12.19.2009

Pheasant


Goofing around with the ringneck pheasant cape I got in the mail today from a friend who recently returned from a successful hunt in South Dakota.

12.15.2009

Fishing Bloopers

Well this video has been making the blog circuit recently so many may have already seen it but if you haven't I thought it was worth posting. This one got our whole family laughing.

12.03.2009

CDC Shuck Biot Sparkle Dun

Another month is upon us and while late fall/early winter is a great time to start tying up some patterns to restock the fly boxes depleted by another year on the water, lets not abandon the fishing quite yet. I have had several great days on the river this past month. It does get a bit hit and miss as the weather and the water temps cool but when you hit it right the fishing can be outstanding. I have still been running into some great baetis hatches around here and so with that in mind I thought I would share my favorite pattern when fish are sipping the Blue Winged Olive Duns off the rivers surface. This pattern is basically a Sparkle Dun with a biot body, and I use a CDC feather for the trailing shuck instead of Z-lon. I like the Sparkle dun because it is so versatile. I think fish feeding on emergers, duns, and spinners could all find a reason to take a well placed Sparkle Dun. This version is quite simple to tie, it floats well, and is fairly easy to see even in the small sizes that will often be required. Lets get started with the materials:

Hook: #18 or smaller Tiemco 100 or equivalent dry fly hook

Thread: Olive 8/0

Wing: Olive Deer Hair

Tail/Shuck: One Natural Brown CDC feather

Body: Gray Olive Turkey Biot

Thorax: Medium Olive Fine Dry Fly Dubbing

Photobucket

1) In the winter months the bugs that do hatch tend to be small. For our rivers in Southeast Idaho I usually tie this pattern in sizes from #18-#24. You can definitely go larger or smaller if needed.

DSC_0051.jpg picture by sorebenj

2) Tie in a clump of deer hair about 2/3 down the shank of the hook. I make about 3 good turns while holding the back of the hair so it stays on top of the hook while the tips flare out. Then clip the backs as close as you can at a 45 degree angle.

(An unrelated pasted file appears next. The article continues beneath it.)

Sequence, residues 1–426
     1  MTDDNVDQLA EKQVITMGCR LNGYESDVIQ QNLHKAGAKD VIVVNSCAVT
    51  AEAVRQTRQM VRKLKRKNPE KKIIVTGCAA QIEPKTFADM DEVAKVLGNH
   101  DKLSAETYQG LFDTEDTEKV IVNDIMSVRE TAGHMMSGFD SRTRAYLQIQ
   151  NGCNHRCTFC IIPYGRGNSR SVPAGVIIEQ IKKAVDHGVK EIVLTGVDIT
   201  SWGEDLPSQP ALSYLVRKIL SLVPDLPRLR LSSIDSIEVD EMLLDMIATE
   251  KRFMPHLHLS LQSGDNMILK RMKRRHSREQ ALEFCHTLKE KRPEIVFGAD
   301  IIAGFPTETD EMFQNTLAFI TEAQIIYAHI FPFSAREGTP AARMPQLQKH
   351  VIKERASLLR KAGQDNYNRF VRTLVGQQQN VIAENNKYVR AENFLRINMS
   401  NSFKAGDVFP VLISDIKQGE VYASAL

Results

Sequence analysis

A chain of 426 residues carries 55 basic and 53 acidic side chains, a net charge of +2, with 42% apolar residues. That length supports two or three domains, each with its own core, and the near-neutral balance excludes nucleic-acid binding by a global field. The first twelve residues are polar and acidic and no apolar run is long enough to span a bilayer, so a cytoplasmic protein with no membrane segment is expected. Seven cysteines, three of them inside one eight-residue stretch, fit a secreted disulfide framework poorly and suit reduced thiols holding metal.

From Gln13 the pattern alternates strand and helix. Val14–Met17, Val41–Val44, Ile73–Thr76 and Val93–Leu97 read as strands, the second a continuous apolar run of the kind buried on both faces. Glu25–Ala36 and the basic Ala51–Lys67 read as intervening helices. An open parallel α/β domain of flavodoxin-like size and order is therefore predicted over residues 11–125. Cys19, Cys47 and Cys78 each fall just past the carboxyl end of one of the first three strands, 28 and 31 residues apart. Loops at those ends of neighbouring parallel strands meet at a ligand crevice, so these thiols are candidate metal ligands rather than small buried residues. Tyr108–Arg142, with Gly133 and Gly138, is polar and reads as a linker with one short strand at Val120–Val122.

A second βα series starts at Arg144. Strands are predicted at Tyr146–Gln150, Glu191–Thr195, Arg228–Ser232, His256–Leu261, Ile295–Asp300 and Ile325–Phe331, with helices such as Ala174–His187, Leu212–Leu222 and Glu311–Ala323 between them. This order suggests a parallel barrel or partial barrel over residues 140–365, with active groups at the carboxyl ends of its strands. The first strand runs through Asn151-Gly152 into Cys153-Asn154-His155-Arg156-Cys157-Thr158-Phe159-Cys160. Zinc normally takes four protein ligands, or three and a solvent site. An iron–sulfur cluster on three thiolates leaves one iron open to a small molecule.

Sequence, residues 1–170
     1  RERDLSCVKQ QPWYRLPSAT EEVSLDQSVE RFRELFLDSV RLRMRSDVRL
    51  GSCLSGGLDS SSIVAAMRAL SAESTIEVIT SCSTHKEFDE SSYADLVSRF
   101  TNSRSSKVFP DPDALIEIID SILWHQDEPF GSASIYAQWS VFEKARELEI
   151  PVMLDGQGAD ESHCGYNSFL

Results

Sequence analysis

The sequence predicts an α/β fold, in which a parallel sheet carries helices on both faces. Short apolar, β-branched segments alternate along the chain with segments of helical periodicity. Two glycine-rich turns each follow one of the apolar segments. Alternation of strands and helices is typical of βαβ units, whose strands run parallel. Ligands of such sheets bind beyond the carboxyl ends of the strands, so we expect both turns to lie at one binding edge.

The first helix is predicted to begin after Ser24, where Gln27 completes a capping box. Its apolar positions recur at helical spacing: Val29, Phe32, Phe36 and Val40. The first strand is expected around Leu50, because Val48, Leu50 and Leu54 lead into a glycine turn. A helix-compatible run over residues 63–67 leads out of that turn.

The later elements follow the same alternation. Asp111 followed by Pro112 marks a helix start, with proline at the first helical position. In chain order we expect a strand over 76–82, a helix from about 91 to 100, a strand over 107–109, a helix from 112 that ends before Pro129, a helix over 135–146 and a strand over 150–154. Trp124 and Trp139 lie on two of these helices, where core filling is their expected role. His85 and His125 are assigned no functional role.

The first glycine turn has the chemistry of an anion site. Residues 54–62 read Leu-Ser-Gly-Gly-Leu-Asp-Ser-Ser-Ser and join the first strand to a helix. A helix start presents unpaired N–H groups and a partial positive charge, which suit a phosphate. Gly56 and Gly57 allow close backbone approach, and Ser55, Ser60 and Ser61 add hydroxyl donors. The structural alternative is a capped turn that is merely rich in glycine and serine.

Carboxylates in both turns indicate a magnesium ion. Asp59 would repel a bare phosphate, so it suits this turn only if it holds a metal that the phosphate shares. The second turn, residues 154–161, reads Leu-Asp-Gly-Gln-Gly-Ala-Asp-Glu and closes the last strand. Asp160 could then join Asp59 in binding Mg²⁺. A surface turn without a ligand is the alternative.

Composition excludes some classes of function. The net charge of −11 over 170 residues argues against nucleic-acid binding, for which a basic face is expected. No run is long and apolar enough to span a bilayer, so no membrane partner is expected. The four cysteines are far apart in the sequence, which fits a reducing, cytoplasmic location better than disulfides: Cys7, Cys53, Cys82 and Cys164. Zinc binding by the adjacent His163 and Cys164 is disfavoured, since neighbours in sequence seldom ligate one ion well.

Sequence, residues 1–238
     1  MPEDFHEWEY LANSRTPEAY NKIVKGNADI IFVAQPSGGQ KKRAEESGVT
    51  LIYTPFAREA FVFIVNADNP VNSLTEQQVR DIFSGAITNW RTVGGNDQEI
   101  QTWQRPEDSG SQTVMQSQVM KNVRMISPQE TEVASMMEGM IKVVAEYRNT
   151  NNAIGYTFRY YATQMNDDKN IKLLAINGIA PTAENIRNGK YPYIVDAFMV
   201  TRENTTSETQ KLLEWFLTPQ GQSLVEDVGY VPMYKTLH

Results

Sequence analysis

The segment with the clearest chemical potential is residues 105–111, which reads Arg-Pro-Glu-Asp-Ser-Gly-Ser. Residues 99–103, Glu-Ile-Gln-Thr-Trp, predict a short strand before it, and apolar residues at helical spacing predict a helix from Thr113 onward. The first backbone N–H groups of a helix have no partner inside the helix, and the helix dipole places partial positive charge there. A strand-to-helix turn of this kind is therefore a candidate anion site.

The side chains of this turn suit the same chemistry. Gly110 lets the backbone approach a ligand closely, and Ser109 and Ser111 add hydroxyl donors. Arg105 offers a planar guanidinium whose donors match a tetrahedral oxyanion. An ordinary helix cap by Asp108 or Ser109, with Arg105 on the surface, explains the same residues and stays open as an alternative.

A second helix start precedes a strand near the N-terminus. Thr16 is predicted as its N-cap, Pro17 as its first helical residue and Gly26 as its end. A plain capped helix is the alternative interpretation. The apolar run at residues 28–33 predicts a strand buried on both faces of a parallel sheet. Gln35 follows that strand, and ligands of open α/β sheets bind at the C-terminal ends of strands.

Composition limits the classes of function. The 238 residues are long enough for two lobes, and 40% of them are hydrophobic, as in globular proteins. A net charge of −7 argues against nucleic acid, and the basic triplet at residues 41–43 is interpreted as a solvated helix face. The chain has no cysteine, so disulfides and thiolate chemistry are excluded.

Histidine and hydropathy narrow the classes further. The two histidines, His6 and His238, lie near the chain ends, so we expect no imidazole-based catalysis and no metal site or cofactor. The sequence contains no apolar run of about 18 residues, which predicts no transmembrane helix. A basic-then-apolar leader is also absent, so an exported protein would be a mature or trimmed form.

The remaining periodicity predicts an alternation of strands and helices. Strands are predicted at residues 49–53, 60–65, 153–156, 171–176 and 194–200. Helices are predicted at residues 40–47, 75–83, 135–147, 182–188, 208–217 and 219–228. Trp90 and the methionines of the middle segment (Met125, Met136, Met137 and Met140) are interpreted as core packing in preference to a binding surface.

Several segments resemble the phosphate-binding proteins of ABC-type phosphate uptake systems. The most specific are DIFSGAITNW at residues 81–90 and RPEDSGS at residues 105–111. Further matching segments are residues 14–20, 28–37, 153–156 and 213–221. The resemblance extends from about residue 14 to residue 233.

DSC_0052.jpg picture by sorebenj

3) Next I pull up about 1/3 of the hair and make a wrap in front of it, then proceed to pull up another third, again making a wrap in front of that, then finally pull the remaining hairs straight up and wrap in front so that all the hair is standing up on the fly. Then be sure to build up a good thread dam in front of the wing as if you don’t, when the fly gets wet the wing will lean forward on you. Then wrap the thread back to behind the wing and tie down the loose ends on that side.

DSC_0053.jpg picture by sorebenj

4) Now tie in the CDC feather on top of the hook shank. I don’t worry about how long the tail sticks out as I cut it later.

DSC_0054.jpg picture by sorebenj

5) Continue securing the CDC feather wraping back to where the shank meets the bend.

DSC_0056.jpg picture by sorebenj

6) Now I trim the tail to about 3/4 hook shank length.

DSC_0057.jpg picture by sorebenj

7) Next tie in a Goose or Turkey Biot Quill with the notch facing left. Advance the thread to just behind the wing.

DSC_0059.jpg picture by sorebenj

8) Wrap the biot using nice even wraps toward where you stopped the thread, then tie it off and clip the excess.

DSC_0060.jpg picture by sorebenj

9) Next I simply dub a nice football shaped thorax using 2-3 wraps behind the wing and 3-4 in the front of it.

DSC_0061.jpg picture by sorebenj

10) Finally make a nice even thread head and tie off the fly. Dab some head cement on there and you are ready to fish.

Play with the color scheme to match other mayfly hatches in your area as well. I like this pattern tied in appropriate colors for the summertime PMD hatches too. Most of all have fun and catch some fish!